I received my first manuscript request in fourth grade.
My teacher invited me and another student to write a short story. The prize for the winning submission was breathtaking: a trip to a young writer’s workshop, where we would learn from real writers and hobnob with kids who, like me, dreamed secret stories deep in our young hearts.
For a ten year old, this was a once in a lifetime opportunity. I poured myself into my story, sparing no imaginative fancy. I don’t remember many details, only that it featured talking animals, a charging knight, and puppy love romance. I thought it was spectacular, one of a kind. I submitted my story and waited for the happy news.
A few days later, the teacher called me to her desk. Her soft, sympathetic voice set my knees to trembling. Why did she sound sad? Didn’t she have good news to deliver? “I’m sorry,” she said. She’d chosen the other student’s story, a vignette about a visit to grandma’s house.
Oh, that rejection hurt. I cast green eyes at the winner and felt sick the day he attended the workshop. While he worked with grown-up writers, I solved math problems and filled out worksheets, just like every other school day.
If I’d been a stronger, more self-assured child, I might have pondered that grandma story. I might have learned the first adage of beginning writers: “write what you know”. I might have considered the fact that readers can relate to a visit to grandma’s, but no one can relate to talking ducks, fanciful knights, and puppy love. . .all in a single-page story.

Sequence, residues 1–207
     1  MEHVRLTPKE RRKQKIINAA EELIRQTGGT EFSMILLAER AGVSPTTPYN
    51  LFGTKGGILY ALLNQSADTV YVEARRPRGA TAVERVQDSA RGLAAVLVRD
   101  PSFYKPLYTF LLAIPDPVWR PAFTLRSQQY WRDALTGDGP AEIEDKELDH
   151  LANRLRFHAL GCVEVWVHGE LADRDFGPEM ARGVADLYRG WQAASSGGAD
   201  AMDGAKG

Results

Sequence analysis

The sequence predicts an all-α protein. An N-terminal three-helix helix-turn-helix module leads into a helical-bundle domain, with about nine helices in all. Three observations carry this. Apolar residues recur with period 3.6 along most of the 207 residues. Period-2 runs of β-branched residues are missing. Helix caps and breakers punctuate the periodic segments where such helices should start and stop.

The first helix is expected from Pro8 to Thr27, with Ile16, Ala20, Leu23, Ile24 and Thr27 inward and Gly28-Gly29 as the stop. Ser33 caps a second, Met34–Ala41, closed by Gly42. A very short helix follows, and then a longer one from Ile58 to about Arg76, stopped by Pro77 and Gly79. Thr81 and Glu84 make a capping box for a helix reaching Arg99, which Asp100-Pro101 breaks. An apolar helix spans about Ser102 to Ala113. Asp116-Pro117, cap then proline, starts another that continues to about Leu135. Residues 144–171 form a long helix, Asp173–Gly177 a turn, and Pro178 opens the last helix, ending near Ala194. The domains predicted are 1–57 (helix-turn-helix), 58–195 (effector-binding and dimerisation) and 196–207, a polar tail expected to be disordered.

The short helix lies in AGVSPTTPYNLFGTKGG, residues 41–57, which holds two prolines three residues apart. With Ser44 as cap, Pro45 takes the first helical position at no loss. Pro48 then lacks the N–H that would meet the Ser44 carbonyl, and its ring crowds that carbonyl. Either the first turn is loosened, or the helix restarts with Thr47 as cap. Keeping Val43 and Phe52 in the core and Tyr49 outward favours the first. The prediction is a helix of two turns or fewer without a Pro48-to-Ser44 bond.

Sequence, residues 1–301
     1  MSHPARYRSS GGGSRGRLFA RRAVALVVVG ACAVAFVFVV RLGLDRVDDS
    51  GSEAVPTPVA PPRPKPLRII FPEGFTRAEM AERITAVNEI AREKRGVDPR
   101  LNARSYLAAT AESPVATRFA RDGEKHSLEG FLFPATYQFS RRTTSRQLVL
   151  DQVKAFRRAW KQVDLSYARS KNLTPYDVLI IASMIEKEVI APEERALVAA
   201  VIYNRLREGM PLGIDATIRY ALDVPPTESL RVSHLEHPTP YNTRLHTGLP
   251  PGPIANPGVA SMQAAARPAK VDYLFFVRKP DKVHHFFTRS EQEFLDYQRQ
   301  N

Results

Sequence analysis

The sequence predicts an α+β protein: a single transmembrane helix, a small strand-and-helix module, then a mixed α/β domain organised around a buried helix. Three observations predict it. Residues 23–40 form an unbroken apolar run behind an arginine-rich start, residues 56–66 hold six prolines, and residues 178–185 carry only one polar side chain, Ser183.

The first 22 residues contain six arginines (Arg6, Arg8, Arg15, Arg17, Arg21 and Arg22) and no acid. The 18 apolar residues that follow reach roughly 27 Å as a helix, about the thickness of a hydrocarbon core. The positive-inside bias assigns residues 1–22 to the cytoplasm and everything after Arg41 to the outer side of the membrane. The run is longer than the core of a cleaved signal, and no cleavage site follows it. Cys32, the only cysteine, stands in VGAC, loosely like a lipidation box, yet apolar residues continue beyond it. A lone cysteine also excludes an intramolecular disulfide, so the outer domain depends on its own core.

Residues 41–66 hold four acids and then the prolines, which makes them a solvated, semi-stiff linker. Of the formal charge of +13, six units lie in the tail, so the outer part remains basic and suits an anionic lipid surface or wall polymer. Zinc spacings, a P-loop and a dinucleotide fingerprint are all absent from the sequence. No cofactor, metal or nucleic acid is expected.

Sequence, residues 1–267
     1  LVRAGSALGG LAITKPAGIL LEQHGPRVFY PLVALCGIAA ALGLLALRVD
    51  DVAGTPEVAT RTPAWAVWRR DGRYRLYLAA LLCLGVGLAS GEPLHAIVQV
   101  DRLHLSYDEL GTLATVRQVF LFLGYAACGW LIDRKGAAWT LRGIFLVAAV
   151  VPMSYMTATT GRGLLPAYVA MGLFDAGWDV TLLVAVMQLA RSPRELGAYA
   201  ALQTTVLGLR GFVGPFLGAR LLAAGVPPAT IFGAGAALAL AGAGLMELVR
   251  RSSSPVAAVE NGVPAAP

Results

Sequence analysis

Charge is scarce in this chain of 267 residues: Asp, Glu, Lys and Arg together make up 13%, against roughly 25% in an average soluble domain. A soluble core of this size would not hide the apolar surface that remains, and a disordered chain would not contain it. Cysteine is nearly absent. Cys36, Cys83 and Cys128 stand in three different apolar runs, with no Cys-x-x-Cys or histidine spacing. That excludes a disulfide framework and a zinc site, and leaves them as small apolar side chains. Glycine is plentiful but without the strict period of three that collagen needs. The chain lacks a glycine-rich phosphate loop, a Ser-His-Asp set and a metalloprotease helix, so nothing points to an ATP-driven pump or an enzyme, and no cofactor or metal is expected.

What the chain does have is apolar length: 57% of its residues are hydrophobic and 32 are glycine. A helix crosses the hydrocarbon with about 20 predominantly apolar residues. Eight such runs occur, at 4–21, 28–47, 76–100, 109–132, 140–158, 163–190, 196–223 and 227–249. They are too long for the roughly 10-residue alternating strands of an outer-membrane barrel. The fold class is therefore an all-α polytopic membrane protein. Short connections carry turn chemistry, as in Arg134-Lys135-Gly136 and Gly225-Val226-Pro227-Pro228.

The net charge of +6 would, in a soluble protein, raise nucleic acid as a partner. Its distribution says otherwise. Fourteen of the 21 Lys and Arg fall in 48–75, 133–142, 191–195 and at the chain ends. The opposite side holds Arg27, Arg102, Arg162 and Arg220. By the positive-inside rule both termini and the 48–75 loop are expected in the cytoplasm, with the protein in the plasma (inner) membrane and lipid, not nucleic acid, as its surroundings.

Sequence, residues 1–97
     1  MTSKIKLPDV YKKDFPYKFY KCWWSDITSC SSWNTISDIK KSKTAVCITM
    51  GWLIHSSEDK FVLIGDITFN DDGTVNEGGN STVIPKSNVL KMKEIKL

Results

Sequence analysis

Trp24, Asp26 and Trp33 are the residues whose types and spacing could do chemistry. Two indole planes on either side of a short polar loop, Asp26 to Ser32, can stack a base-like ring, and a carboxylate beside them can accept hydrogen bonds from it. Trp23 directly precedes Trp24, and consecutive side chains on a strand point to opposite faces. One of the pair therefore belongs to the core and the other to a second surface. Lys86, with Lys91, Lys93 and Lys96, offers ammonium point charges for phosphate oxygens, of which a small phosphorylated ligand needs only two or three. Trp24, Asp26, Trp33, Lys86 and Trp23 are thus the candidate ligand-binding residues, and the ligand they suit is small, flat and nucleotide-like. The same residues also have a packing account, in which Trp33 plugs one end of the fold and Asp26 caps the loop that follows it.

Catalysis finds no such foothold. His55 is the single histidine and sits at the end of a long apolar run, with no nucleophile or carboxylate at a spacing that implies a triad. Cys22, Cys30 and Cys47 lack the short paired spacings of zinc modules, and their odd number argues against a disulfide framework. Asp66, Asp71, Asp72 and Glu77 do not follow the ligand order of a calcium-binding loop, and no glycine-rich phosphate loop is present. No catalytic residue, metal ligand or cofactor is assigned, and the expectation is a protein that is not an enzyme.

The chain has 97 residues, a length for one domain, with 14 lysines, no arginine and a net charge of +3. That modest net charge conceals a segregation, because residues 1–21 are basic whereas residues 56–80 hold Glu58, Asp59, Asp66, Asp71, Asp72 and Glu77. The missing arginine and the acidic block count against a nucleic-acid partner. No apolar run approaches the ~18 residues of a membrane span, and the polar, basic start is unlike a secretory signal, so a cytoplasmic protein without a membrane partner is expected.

I might have, but I didn’t. Instead, my young writer’s heart sported a big, throbbing bruise. But I didn’t talk about my writing, not to anyone. So I came to my own conclusion: I wasn’t good enough. And that was that.
I couldn’t stop writing, though. I wrote poems and journal entries, short stories and personal narratives. I wrote frantically, then tore my words to shreds. Sometime I tucked my writing under my bed or in pages of childhood books, never to be seen again, even by me.
Meanwhile, I learned to deliver what my teachers wanted. An essay with a topic sentence and three paragraphs? Done. A summary of The Grapes of Wrath? Done. I earned good grades, but protected my writer’s heart with layers of bricks and barbed wire constructed from that fourth grade rejection.
I protected too dearly, and finally stopped writing all together. For twenty years I wrote nothing but grocery lists until, a few years ago, the writing exploded out of me with all the force of a long-dormant volcano.
Predictably, I still face rejection on this road to publication. But I don’t hide my words or tear them up anymore. I expect the hurt of rejection. I even embrace it, if I can. Because I understand now: the best stories come from bruised and throbbing hearts that don’t hide, don’t shred, and refuse to give up.